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Track(s) taken from CDA66758

O what their joy and their glory must be

author of text
translator of text

St Paul's Cathedral Choir, John Scott (conductor), Andrew Lucas (organ)
Recording details: June 1994
St Paul's Cathedral, London, United Kingdom
Produced by Mark Brown
Engineered by Antony Howell
Release date: February 1995
Total duration: 9 minutes 12 seconds


'A rich feast here … a magnificent choir' (Gramophone)

'A memorable record of some of the best 19th- and 20th-century church music' (Methodist Recorder)
Sir William Harris (1883-1973) studied at the Royal College of Music under Sir Walter Parratt, Charles Wood and Sir Henry Walford Davies and became Davies's assistant at the Temple Church. He held appointments at Lichfield Cathedral, New College, Oxford, and at the Royal College of Music before being appointed organist and choirmaster of St George's Chapel, Windsor, in 1933. He was affectionately known as 'Doc H' at Windsor and his reputation rests more upon his ability as an excellent choir trainer than as a composer. Several of his large anthems remain in the cathedral repertoire and two of his other works can be found in this series of the English anthem (Faire is the Heaven, Volume III, and Bring us, O Lord God, Volume IV).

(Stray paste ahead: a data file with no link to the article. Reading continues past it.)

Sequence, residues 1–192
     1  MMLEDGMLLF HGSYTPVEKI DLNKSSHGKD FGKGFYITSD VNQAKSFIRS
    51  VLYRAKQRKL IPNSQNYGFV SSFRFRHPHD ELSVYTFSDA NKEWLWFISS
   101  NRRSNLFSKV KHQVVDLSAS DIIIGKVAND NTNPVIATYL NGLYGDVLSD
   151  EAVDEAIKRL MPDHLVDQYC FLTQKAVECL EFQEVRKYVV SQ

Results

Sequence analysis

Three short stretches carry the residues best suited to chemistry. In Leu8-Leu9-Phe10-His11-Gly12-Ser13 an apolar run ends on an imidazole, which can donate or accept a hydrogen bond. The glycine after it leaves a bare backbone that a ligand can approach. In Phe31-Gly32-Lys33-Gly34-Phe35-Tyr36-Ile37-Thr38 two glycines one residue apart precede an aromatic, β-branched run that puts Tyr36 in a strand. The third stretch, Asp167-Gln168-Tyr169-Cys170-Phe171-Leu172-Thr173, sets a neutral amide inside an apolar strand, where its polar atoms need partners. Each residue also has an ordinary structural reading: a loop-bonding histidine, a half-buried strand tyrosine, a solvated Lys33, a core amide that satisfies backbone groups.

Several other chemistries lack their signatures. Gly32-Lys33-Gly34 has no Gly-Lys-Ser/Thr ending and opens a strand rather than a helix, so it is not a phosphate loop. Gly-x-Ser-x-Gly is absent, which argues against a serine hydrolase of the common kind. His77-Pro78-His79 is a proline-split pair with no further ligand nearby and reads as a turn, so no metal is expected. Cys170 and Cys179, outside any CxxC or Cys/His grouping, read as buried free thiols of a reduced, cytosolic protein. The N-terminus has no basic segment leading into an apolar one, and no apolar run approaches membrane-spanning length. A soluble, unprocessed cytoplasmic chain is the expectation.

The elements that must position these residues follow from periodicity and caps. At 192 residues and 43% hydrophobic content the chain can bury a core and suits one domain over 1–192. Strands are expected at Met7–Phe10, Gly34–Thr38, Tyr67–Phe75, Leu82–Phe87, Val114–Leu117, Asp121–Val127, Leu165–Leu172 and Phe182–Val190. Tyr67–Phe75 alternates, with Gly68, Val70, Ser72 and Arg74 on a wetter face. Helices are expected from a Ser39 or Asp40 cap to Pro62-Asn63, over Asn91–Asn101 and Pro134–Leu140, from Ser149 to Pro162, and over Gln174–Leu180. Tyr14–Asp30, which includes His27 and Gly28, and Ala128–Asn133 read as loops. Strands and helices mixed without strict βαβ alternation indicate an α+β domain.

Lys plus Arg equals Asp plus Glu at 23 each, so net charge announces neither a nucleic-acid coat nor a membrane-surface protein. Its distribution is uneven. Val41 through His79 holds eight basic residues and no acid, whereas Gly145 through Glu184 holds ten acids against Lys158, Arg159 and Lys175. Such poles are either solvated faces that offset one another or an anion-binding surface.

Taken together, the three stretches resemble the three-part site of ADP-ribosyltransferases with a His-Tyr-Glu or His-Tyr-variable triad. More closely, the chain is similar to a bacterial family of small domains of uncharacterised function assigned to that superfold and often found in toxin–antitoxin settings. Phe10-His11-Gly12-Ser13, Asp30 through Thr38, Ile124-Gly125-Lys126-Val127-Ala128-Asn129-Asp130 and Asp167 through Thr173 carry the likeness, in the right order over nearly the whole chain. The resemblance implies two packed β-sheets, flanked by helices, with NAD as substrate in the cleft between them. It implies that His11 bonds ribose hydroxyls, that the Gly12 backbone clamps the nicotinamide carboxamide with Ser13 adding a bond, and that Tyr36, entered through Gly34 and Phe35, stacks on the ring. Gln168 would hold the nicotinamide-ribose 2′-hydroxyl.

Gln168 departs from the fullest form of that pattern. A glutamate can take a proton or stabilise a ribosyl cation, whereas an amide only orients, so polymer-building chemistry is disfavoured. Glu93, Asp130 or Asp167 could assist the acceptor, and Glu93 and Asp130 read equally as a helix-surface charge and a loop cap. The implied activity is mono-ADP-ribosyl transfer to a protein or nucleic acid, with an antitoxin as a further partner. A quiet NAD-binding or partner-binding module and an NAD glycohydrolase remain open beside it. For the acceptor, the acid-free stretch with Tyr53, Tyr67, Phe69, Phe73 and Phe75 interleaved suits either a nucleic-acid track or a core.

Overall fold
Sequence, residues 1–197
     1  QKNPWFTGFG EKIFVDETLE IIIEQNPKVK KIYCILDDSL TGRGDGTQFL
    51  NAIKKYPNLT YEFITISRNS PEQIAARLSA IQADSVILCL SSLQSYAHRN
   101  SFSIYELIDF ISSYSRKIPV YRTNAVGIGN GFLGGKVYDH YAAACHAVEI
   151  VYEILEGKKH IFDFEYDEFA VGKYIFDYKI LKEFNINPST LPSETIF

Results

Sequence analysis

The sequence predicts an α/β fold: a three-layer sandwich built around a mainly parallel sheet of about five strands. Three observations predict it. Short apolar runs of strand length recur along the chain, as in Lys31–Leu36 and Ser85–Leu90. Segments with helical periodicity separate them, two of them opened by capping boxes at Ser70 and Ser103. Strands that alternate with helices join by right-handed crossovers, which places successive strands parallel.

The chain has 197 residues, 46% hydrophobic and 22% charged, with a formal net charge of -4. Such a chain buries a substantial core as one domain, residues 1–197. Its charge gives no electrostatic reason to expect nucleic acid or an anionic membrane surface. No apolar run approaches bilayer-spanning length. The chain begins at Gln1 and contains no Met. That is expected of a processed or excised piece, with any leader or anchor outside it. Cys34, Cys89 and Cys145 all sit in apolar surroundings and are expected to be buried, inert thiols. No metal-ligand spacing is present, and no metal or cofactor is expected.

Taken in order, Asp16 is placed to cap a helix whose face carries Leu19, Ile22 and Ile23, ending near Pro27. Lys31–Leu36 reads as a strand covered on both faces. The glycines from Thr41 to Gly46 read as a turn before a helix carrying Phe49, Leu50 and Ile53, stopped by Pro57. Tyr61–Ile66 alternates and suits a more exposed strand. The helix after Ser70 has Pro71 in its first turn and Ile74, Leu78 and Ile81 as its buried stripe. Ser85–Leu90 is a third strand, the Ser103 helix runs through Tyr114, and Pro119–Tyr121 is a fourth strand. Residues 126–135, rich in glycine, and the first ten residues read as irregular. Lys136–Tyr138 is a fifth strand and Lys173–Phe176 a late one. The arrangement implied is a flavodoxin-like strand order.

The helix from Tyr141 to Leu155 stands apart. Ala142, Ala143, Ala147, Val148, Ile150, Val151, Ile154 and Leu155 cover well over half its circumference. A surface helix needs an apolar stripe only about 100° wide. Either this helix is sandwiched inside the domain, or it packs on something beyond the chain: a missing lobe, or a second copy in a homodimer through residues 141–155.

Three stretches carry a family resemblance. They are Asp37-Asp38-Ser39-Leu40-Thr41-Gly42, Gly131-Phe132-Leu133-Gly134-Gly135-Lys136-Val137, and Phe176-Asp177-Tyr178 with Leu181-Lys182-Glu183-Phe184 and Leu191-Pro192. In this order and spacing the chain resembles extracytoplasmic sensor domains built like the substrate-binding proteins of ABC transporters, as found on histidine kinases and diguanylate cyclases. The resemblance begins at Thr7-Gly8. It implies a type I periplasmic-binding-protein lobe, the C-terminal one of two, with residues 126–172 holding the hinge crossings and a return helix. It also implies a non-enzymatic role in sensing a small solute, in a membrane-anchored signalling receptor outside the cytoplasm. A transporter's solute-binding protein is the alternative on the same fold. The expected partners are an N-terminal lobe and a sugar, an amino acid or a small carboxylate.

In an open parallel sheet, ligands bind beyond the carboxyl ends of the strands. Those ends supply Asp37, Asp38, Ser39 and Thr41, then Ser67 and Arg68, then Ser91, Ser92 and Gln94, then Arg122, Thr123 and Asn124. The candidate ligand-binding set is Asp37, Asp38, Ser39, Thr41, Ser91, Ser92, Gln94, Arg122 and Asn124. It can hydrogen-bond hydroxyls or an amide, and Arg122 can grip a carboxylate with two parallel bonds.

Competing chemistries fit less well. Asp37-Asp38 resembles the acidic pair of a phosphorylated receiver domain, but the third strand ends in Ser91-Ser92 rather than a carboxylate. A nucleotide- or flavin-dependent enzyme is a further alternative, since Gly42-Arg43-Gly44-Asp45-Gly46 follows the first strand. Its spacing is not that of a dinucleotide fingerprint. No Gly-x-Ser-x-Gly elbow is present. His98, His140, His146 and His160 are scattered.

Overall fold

O what their joy and their glory must be effectively takes the form of a chorale prelude. The choir's opening theme is taken from the French melody 'O Quanta Qualia' around which the organ weaves its own melodies derived from fragments of the main theme. Harris's anthems tend to owe something in their style to the work of Charles Wood: the gradual increase in movement in the choral parts, for example, is reminiscent of Wood's anthem God omnipotent reigneth. Harris introduces a central slower section in G minor which gradually moves back (through the quasi-mystical setting of the words 'There dawns no Sabbath') into an elaborate restatement of the opening material culminating in the series of splendid 'Amens'.

from notes by William McVicker 1995

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